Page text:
cover image Kami and the Yaks

Kami and the Yaks

Andrea Stenn Stryer, , illus. by Bert Dodson. . Bay Otter, $15.95 (48pp) ISBN 978-09778961-0-3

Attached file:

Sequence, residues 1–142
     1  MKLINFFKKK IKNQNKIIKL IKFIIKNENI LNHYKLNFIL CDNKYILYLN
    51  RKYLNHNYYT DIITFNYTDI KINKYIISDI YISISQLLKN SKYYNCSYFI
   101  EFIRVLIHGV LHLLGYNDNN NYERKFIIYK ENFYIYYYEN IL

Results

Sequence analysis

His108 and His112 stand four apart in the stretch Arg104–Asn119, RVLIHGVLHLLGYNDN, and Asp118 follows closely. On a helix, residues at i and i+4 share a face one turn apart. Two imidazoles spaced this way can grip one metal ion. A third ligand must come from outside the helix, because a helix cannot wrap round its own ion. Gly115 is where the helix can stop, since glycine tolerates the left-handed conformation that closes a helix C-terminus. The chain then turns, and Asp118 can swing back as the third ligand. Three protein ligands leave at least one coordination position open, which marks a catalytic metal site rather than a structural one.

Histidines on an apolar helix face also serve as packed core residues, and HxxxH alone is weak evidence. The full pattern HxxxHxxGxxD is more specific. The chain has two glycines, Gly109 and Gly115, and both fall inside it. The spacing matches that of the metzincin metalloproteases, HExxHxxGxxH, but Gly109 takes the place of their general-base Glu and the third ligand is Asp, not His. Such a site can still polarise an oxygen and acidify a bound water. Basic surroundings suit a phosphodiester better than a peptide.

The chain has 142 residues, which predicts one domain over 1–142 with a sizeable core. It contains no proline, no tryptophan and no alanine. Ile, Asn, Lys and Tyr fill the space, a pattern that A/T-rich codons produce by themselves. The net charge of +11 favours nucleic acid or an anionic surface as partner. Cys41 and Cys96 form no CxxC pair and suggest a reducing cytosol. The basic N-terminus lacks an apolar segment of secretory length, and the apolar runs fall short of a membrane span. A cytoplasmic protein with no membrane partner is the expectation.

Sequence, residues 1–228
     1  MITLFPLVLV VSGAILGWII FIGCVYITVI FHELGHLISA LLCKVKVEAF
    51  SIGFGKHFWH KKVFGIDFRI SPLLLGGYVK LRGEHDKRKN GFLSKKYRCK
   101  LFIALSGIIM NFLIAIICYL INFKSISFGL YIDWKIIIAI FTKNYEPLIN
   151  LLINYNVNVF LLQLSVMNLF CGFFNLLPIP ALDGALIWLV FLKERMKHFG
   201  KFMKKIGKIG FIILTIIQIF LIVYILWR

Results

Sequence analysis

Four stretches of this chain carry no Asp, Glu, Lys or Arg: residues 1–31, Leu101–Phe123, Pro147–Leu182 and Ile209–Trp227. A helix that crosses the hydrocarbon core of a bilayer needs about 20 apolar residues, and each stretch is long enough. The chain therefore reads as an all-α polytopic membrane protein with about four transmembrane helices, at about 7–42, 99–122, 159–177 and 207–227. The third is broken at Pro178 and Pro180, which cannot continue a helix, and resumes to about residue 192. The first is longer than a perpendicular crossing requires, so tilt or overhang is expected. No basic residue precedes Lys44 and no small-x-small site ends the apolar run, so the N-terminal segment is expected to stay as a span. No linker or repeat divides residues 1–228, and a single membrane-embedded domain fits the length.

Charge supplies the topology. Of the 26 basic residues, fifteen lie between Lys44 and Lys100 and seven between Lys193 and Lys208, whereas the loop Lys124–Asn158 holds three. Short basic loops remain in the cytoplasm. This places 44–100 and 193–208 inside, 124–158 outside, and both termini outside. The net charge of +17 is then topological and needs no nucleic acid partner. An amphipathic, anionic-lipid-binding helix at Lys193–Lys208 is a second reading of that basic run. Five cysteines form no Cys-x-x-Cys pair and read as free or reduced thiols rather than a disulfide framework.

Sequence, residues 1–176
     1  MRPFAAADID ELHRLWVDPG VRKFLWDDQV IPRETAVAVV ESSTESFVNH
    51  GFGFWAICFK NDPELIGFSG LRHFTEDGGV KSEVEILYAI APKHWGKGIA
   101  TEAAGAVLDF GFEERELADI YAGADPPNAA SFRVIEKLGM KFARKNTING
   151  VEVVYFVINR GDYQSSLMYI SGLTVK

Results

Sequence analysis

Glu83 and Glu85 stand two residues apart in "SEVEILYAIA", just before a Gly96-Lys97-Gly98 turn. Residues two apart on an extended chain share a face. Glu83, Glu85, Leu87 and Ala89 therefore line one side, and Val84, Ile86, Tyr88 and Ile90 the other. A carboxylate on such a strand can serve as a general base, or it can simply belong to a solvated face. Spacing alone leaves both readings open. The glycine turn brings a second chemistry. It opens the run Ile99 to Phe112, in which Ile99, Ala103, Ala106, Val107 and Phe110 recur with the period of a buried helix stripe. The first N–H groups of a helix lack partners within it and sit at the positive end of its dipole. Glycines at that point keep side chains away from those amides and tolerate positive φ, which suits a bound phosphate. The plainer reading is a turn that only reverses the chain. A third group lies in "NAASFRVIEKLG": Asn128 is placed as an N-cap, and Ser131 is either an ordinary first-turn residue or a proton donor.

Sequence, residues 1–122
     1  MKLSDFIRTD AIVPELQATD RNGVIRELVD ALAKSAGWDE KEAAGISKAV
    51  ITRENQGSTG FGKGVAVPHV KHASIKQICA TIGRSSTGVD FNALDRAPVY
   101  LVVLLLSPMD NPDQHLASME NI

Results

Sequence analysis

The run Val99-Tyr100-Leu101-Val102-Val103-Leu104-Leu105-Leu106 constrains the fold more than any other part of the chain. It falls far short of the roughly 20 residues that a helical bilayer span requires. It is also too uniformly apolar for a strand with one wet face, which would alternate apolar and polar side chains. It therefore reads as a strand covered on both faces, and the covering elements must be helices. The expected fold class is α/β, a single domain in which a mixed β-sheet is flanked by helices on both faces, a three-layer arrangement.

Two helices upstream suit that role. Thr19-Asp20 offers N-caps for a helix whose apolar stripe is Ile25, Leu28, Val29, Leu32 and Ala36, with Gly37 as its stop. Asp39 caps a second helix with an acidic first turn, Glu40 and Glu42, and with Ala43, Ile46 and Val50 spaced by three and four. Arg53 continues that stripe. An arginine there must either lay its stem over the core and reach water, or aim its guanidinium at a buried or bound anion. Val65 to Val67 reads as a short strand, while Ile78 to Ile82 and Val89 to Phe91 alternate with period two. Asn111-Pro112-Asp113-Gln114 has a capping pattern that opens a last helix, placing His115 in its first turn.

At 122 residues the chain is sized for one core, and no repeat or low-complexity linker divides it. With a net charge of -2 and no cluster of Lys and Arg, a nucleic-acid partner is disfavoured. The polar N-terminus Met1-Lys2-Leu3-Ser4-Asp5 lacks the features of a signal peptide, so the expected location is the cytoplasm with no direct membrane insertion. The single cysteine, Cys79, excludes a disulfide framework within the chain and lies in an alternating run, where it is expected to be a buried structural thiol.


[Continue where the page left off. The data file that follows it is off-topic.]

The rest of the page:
S et in a rural Asian community and featuring a child hero with a physical disability, this debut picture book appears to head toward a moral lesson, but Dodson's skill and Stryer's fast-moving text combine to provide a genuinely rousing story. Kami and his family are Himalayan Sherpas and their strong, sturdy yaks are their most important possessions. When the yaks don't return one day, Kami sets out to look for them with his whistle: “Its buzz tickled his lips, though he could not hear its shrill call because he was deaf.” Although he finds the animals and discovers why they won't come back, he can't convince his father to take his gestured warnings seriously. Kami's deafness figures into the story, but it's his grit and resourcefulness that drive the action forward. With a nimble brush, Dodson creates an entire Himalayan world for readers, who—like Kami—can only gather knowledge from what they see. Kami's heavy coat and hat, the sheer cliffs and paths that make up the landscape and the patient yaks all seem close enough to touch. In the end, Kami helps Father rescue the yaks; in contrast to his earlier anger, “Father picked him up and clasped him to his chest.” For all the adversity Kami faces, he has the opportunity to do real, important work for his family that modern children often do not; they may read his story not just with interest, but with envy. Ages 5-8. (Apr.)